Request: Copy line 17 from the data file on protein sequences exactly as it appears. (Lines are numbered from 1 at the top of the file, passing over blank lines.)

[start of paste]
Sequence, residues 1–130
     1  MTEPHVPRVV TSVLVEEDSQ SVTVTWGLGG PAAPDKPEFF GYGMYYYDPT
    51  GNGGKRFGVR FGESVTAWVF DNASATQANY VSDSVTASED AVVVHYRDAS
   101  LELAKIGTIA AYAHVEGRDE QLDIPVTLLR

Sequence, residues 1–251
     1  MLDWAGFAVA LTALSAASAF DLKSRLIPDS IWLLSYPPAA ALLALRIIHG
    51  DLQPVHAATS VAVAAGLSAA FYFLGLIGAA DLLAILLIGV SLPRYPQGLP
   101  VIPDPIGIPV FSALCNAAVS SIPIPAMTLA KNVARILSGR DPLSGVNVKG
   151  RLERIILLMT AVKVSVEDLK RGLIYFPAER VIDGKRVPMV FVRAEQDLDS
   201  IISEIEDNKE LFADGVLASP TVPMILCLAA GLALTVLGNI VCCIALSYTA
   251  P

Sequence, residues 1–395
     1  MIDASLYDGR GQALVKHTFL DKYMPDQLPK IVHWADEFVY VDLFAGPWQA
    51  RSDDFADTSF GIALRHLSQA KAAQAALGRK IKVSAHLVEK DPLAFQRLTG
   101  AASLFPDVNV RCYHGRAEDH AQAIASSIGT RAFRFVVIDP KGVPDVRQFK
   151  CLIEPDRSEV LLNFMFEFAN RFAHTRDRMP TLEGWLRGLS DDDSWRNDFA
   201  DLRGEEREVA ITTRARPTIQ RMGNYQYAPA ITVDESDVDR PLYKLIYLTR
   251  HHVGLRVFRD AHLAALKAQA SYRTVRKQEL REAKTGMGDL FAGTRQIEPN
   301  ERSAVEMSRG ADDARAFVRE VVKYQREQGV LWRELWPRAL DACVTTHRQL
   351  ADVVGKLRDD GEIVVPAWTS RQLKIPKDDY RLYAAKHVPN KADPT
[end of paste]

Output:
   201  DLRGEEREVA ITTRARPTIQ RMGNYQYAPA ITVDESDVDR PLYKLIYLTR